The agreement potentially saves 4.3 billion euros in tariffs and preserves the production of 480,000 electric vehicles.
On December 21, the EU and UK agreed to extend the existing battery and electric vehicle (EV) rules of origin under the Trade and Cooperation Agreement (TCA). European manufacturers have positively received this move, as it bolsters the competitive edge of Europe’s rapidly expanding electric vehicle manufacturing sector. Sigrid de Vries, ACEA Director General, emphasized the importance of this deal, stating that the three-year extension for rules of origin brings crucial stability to Europe’s evolving electric vehicle battery supply chain. She highlighted that this decision demonstrates an understanding of the time required to develop new value chains and serves as a clear indication of the EU’s commitment to maintaining the competitiveness of its key industries. The deal is significant, as it potentially averts about 4.3 billion euros in tariff costs and safeguards the production of approximately 480,000 electric vehicles.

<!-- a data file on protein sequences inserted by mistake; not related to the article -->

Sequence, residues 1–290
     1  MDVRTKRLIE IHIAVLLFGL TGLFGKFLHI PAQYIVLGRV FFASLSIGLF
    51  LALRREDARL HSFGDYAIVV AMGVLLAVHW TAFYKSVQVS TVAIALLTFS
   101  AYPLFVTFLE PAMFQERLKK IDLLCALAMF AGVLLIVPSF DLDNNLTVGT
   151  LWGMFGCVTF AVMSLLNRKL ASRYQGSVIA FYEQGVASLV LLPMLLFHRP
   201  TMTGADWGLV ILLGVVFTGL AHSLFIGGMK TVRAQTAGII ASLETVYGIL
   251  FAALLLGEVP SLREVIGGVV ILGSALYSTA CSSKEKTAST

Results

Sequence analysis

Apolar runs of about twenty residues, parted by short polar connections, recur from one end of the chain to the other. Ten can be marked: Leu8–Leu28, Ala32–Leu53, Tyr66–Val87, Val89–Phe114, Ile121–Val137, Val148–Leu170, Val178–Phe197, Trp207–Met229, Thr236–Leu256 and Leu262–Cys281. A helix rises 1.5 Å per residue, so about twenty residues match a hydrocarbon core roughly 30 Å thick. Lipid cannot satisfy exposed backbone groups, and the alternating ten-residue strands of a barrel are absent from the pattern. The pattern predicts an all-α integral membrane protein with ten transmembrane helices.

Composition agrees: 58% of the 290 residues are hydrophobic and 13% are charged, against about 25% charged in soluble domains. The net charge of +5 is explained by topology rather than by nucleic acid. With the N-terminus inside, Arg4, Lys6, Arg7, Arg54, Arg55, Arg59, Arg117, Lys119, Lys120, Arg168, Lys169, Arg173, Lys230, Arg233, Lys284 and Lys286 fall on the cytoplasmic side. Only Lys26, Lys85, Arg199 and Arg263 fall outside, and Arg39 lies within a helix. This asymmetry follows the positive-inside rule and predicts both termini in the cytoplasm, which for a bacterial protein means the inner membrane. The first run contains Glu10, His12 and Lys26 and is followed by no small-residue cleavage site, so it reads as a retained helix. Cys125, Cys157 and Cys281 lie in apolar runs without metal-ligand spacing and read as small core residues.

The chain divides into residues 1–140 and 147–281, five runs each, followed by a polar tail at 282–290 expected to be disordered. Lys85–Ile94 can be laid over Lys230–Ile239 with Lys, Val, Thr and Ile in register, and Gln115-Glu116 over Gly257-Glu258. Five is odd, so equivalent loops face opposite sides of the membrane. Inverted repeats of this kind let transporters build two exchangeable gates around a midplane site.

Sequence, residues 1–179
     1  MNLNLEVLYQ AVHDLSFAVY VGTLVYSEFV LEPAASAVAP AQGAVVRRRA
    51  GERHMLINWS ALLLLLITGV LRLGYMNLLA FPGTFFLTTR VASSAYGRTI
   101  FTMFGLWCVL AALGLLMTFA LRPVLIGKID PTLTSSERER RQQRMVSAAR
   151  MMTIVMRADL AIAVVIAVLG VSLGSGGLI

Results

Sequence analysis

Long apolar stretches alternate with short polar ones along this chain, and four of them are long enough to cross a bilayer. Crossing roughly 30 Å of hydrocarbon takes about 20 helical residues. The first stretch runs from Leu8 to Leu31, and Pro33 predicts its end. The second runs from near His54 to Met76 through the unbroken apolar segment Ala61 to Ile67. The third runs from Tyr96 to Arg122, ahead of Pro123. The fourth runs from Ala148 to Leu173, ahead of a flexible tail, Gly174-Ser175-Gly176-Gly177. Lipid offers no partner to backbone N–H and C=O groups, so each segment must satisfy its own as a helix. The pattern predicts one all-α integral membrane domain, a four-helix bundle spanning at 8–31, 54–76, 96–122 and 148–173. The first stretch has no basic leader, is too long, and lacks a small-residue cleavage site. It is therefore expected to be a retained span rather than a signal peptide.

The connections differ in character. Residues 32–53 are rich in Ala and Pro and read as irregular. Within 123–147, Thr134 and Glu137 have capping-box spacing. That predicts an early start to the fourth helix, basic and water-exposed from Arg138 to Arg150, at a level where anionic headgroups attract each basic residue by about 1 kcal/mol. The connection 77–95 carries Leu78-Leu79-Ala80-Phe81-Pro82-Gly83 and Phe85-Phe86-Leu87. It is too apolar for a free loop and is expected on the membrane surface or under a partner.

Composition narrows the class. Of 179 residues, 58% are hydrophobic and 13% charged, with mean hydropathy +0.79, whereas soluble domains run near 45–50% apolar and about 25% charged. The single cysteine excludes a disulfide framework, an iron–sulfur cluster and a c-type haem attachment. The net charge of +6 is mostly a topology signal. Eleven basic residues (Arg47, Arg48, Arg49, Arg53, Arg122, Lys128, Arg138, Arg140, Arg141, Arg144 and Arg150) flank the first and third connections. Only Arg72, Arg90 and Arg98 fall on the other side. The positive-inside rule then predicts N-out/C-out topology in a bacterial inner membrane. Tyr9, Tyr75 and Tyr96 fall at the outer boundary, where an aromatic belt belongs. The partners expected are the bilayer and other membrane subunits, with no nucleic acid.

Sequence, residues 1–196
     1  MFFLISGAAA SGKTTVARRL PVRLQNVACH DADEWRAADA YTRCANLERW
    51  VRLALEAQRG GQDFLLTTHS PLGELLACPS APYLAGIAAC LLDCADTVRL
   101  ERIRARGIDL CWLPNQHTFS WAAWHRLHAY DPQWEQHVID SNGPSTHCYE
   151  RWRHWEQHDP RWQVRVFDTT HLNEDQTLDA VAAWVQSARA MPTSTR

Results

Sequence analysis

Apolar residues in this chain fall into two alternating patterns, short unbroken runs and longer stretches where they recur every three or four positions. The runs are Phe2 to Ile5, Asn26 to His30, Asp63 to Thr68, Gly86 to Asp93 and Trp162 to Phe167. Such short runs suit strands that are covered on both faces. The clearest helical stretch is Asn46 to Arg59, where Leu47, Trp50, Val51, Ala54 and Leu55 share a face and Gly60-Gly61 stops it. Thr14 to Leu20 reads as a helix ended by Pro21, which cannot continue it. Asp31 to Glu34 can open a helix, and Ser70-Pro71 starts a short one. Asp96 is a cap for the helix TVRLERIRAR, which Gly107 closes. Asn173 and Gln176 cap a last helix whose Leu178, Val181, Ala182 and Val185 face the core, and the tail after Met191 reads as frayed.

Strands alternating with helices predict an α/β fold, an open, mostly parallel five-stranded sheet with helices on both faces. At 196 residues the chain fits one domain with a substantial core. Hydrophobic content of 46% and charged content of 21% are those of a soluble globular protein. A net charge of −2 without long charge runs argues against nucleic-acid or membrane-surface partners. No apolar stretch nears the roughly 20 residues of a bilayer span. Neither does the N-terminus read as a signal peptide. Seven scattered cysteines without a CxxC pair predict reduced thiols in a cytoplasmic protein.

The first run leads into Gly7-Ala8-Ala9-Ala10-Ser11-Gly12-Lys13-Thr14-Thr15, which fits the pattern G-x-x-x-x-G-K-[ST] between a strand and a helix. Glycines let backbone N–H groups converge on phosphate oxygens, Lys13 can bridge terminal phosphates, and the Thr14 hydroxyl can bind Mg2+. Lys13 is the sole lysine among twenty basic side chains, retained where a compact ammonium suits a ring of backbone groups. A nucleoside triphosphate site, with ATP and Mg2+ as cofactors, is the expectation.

This agreement arrives at a critical time. A report released last week outlined significant challenges facing Europe’s EV manufacturing sector. The report stressed the need for comprehensive strategies to enhance domestic supply chains and bolster the EU’s EV industry, warning that the EU risks falling behind its Chinese and American counterparts. De Vries pointed out that, unlike these global players, the EU lacks a strong industrial strategy to advance electric vehicle manufacturing. While praising the recent decision, she urged for continued collaborative efforts to address the considerable task of establishing a mature EV battery supply chain in Europe.
De Vries further discussed the wider impact of the decision, noting that vehicle manufacturers are enthusiastic about spearheading Europe’s ecological shift and defining the trajectory of EV manufacturing across the continent for the collective benefit of Europeans. In light of the lawmakers’ favourable decision, she suggests that attention should be redirected towards developing an all-encompassing industrial strategy for the EU. Such a strategy would cover the full spectrum of the green value chain, encompassing aspects like research and development, mining, refining, manufacturing, the establishment of charging networks, energy supply management, the provision of purchase incentives, and the implementation of recycling processes.